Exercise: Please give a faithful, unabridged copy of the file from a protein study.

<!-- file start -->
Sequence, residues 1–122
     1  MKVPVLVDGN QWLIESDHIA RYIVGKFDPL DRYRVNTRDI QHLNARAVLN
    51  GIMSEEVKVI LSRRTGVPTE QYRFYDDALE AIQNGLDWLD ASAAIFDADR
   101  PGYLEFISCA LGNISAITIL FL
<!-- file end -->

Sequence, residues 1–122
     1  MKVPVLVDGN QWLIESDHIA RYIVGKFDPL DRYRVNTRDI QHLNARAVLN
    51  GIMSEEVKVI LSRRTGVPTE QYRFYDDALE AIQNGLDWLD ASAAIFDADR
   101  PGYLEFISCA LGNISAITIL FL